Five reasons why Syracuse basketball will defeat Gonzaga

GbinijeNCST

Fifth-year senior Michael Gbinije brings plenty of experience to the game

Time to embrace it: This Orange team has gone from increasingly frustrating and disappointing, to downright fun and exciting. And it happened over just two games. If they can pull it off and earn a trip to the Elite Eight by beating Gonzaga tonight, here’s how and why it will happen.

1. They are the Underdog
Last I checked, Vegas had the Orange as a five-point underdog, despite being the higher seed. After being the favorite in the first two games, and winning in dominating fashion, it’s kind of fitting to revert back to underdog status. After all, they were a huge underdog to make the tournament in the first place. It’s not easy to continually get psyched for playing lower seeds. Granted Gonzaga isn’t your typical 11 and has a storied history, but I still think being overlooked by the odds makers could be the extra bit of motivation to come out swinging.

2. The Zone
Gonzaga coach Mark Few estimated that the Bulldogs have played maybe 30 possessions ALL SEASON against a zone defense. Enter the famed Boeheim 2-3 that had the 11th ranked 3-point defense in the nation this season at 30.4%. That was accomplished while battling the best of the best in the ACC, teams who have seen the zone now for a few years. 6-10 senior forward Kyle Wiltjer is a 49% shooter from three and could be a problem, if he were more accustomed to the zone. As it stands, I anticipate the frantic trapping and closing out will disturb his flow.

» Related: Scouting the Gonzaga Bulldogs

3. Rebounding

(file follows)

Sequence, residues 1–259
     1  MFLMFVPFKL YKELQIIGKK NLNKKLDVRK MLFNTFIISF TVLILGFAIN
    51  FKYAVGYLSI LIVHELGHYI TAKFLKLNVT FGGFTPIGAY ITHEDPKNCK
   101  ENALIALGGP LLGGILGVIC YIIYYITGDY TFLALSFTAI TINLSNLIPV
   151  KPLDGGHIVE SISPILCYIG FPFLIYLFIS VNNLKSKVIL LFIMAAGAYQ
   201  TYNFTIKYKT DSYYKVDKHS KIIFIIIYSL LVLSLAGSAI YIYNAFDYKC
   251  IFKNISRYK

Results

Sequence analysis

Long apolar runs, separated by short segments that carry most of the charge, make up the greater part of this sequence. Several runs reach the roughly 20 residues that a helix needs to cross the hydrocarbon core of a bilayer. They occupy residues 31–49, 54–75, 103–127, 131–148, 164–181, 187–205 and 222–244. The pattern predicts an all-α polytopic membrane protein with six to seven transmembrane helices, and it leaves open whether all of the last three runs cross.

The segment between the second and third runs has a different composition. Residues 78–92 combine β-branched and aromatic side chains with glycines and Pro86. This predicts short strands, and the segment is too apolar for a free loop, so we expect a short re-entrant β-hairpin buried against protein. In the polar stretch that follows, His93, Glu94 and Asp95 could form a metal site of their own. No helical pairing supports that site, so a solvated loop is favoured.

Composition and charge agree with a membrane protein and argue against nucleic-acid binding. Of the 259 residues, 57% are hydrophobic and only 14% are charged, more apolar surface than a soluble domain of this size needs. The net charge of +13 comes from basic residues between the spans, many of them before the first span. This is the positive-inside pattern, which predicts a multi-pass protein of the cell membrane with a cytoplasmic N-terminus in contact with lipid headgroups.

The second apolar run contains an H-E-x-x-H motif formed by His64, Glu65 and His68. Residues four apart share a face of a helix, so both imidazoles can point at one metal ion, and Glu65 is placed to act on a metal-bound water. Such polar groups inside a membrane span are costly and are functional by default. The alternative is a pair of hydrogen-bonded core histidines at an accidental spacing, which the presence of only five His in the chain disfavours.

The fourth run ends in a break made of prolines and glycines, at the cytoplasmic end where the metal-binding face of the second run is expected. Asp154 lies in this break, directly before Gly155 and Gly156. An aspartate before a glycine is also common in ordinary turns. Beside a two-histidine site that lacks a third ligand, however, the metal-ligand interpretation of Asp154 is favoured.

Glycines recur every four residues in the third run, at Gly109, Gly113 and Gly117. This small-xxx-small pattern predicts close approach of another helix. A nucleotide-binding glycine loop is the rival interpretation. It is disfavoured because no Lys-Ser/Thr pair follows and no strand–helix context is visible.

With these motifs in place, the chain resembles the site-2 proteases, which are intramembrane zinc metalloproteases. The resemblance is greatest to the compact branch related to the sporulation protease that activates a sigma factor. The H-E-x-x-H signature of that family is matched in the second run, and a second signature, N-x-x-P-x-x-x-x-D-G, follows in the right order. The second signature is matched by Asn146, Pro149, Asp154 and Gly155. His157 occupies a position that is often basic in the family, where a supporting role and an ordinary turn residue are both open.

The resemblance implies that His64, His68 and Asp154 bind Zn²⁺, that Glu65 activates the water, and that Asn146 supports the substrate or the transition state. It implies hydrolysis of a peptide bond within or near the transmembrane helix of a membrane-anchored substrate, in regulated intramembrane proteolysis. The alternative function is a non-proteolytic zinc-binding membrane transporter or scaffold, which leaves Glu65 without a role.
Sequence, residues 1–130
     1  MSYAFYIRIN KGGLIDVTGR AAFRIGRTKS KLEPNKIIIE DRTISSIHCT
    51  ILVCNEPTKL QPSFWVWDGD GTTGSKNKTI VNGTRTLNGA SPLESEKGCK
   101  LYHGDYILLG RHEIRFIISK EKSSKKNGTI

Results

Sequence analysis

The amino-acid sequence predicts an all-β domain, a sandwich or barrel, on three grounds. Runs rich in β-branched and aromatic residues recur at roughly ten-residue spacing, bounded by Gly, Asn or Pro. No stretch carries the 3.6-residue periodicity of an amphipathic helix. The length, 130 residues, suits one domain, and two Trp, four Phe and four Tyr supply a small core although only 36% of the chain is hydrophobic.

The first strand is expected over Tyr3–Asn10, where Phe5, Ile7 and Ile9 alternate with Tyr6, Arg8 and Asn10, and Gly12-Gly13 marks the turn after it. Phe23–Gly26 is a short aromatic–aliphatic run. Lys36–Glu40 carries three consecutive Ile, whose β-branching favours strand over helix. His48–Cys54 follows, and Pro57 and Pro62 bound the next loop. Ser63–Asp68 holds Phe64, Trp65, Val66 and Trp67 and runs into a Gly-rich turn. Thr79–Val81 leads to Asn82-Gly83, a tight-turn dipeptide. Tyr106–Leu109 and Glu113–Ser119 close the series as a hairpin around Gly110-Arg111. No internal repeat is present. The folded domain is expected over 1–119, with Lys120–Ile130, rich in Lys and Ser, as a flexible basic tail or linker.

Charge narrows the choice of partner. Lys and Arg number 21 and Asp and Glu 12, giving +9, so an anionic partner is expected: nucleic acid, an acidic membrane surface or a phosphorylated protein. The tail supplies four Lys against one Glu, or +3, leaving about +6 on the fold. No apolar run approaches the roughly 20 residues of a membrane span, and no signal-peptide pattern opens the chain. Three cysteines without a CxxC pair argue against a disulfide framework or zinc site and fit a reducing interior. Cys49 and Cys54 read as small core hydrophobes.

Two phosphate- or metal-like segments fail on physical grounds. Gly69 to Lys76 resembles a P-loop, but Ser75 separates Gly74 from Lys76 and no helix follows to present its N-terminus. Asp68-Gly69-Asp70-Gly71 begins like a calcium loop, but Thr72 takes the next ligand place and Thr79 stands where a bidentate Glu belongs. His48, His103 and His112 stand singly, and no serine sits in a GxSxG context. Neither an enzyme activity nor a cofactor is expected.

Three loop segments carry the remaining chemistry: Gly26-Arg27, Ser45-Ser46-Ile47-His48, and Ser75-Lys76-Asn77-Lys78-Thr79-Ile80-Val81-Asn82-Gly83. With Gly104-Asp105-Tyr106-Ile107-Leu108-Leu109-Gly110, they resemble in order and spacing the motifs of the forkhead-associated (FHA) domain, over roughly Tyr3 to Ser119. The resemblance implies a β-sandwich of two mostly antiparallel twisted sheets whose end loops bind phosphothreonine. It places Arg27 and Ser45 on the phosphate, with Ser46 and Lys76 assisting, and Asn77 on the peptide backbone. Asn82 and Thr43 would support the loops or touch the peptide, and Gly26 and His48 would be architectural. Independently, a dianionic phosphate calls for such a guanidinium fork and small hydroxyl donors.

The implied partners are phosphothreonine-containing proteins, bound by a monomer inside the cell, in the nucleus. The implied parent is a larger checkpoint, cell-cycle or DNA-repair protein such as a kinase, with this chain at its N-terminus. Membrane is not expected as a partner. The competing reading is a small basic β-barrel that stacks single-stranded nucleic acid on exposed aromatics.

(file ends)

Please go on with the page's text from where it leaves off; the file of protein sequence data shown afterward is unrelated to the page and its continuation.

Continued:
A big problem for the Orange earlier in the season, rebounding advantage was a source of strength in the first two NCAA victories. Assuming the zone does its job, Tyler Roberson and Dajuan Coleman will need to keep Domantas Sabonis off the offensive glass. Arvydas’s son averages 3 offensive boards per game, which would scare me had the Orange not outrebounded its opponents by over 10 boards per game in the first two victories. Gonzaga is an excellent rebounding team as well, so second chances will be hard to come by in this one.

4. Cooney and Gbinije
Syracuse’s senior leaders are making the most of their borrowed time. Trevor Cooney is picking his spots better than he had all season, shooting 40% from three on 6-15 shooting. He’s going to need to continue to be smart and pick his spots against Gonzaga’s 5th ranked 3-point shooting defense (29.7%). Michael Gbinije struggled against Dayton, shooting just 3-for-11, but stepped up big against Middle Tennessee State with a 10-for-14 performance en route to 23 points. Both players have been through the ringer in their careers and you can expect neither wants to stop playing now.

5. Balance
As is the norm with Boeheim coached teams, only seven players have seen court time in the tournament. Five have reached at least 12 points in one of the games, and Dajuan Coleman scored 8 in 16 minutes against MTSU. Any one of Gbiije, Cooney, Malachi Richardson, Tyler Lydon, and Tyler Roberson are capable of stepping up and making big plays and taking the reigns as needed. Having that type of balance will bode well against a tough defensive team like the Zags.

It’s going to be a fight between two pretty evenly matched double-digit seeds, which is what March Madness is all about. But I’d bet on the underdog.

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Matt Goodman

About Matt Goodman

Matt worked for the Westchester Journal News, covering a variety of sports. He has also covered Syracuse University basketball from 2003-05 in both online and print. Matt graduated from Syracuse University in 2004 and currently resides in New York City. Follow him on Twitter @mattgoodman44.
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